Bob Dylan, Roy Orbison, and Don McLean all have at least one influence in common: Buddy Holly. As a young man, McLean was so affected by Holly, he later wrote "American Pie" about what happened on the day the music died; his poetic label for Holly's tragic demise. The day the song refers to was February 3, 1959, when rising music stars Holly, Ritchie Valens and JP Richardson, AKA The Big Bopper, perished when their private airplane impacted into a snowy field. All three were on the verge of success and were touring the upper Midwest on the Winter Dance Party tour when they made the fateful decision to skip a bus ride to their next destination and take a plane instead.
Holly was the biggest name on the tour, and sales of his records increased posthumously. In addition to influencing the way rock 'n' roll is performed by using one base, one drum, and two guitars, Holly's embrace of his everyday-guy looks and thick glasses was appealing to fans across the country. Valens and Richardson each created a couple famous hits still featured in oldies collections, and could very well have had long, successful careers if they survived. Through "La Bamba," Valens is credited with helping to start Chicano rock, and who knows where Richardson's energetic stage presence may have taken him.
Like many popular people who passed while still young, the three musicians' final moments are riddled with conspiracies, and legends surrounding the event wonder who gave up their seat on the plane the day the music died, as well as who did not get on the plane the day the music died. Without witnesses, what really happened may never truly be known, but the day three promising musicians lost their lives will be remembered by history forever.
The Winter Dance Party began its tour on January 23, 1959, in Milwaukee, WI. The schedule required the musicians to zig-zag their way across the upper Midwest in a seemingly random pattern. "It was like they threw darts at a map," historian Bill Griggs recalled. To add to the stress, the musicians were forced to travel on "reconditioned school buses, not good enough for school kids," according to Griggs.
The buses were unheated and driving through the cold winters of Wisconsin, Minnesota, and Iowa over icy roads took its toll on the vehicles and its passengers. Holly's guitarist Tommy Allsup remembered driving through Wisconsin:
We had started up this incline, it was snowing real bad, and the bus just started going slower and slower, and the lights got dimmer and dimmer, and all of a sudden the bus stopped...The driver said, "The bus is frozen."
The musicians huddled together under blankets, burned newspapers in the isles of the bus, drank shots, and told each other stories. It was so cold, Holly's drummer Carl Bunch suffered frostbite in his feet and subsequently missed the next tour date; Holly's last. It's no wonder Holly chose to fly to their next show.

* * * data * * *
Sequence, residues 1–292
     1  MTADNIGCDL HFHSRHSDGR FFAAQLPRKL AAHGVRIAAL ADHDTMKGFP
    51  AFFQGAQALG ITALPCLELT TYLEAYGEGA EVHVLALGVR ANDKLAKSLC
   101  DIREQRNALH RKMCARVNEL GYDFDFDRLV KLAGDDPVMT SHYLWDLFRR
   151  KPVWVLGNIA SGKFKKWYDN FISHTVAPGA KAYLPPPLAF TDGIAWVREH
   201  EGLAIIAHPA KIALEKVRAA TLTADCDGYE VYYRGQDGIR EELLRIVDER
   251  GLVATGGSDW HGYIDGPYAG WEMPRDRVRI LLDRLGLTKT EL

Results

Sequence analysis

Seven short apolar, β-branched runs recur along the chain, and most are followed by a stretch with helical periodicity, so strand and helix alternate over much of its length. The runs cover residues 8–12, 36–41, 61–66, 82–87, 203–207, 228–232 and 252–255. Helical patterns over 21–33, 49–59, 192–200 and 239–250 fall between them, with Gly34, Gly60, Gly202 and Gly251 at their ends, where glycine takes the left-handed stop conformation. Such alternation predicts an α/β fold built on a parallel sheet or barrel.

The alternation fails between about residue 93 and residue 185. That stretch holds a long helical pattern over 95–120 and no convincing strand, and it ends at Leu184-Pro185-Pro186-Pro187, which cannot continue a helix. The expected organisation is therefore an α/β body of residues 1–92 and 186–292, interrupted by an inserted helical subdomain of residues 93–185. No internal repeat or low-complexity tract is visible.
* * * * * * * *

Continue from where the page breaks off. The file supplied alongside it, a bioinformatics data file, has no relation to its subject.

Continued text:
For more than a week, Holly, Richardson, Valens, and the rest of their bands traveled around the upper Midwest in a bus, facing challenge after challenge and growing tired and bitter. Not having any clean clothes didn't help matters. Part of the reason Holly suggested skipping the bus ride for the next leg of the tour and instead traveling via plane was because he wanted to wash his clothes.
He figured flying to Fargo, ND, and arriving at their next destination in Minnesota early would give the musicians time to do laundry and sleep before having to take the stage. Other musicians agreed and Valens, Richardson, and Holly took everyone's dirty clothing on board with them when they set off from the airport.
February 2, 1959, marked the 11th stop of the tour at the Surf Ballroom in Clear Lake, IA. The musicians performed two shows, the last of which ended around midnight. A group of fans followed Holly, Valens, and Richardson to the airport and waved as the three men boarded the plane. As snow blew through the air, the small Beech Bonanza took off around 12:30 am on February 3.
According to the Civil Aeronautics Board's report, the aircraft "took off toward the south in a normal manner" before it climbed to around 800 feet and turned toward the northwest. After flying about five miles, witnesses back at the airport saw the plane's tail light slowly descending before completely disappearing. Radio contract with the aircraft disappeared as well. Aerial searches conducted the next morning found the plane in a snow covered farm field.
Dion DiMucci of Dion and the Belmonts declined a ticket on the plane, and Waylon Jennings gave up his seat to Richardson who was sick with the flu. While these decisions went down in history as life-saving, the reason Holly's guitarist, Tommy Allsup, ended up on the bus was entirely due to chance. After Richardson took the second seat, Valens decided he'd like to fly on the plane as well. He asked Allsup if he'd give up his spot, suggesting they flip a coin for it.
I don't know why, because I'd been telling him no all evening, but I pulled a half dollar out of my pocket. I've never understood what made me - it just happened. I flipped the 50-cent piece and said, "Call it." Ritchie said, "Heads," and it came down heads.